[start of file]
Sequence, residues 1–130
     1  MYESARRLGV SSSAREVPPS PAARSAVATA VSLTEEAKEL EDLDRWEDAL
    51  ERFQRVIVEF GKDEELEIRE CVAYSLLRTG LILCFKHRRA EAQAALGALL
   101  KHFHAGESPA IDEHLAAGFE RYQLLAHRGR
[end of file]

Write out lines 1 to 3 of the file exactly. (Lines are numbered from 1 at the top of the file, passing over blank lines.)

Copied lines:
Sequence, residues 1–130
     1  MYESARRLGV SSSAREVPPS PAARSAVATA VSLTEEAKEL EDLDRWEDAL
    51  ERFQRVIVEF GKDEELEIRE CVAYSLLRTG LILCFKHRRA EAQAALGALL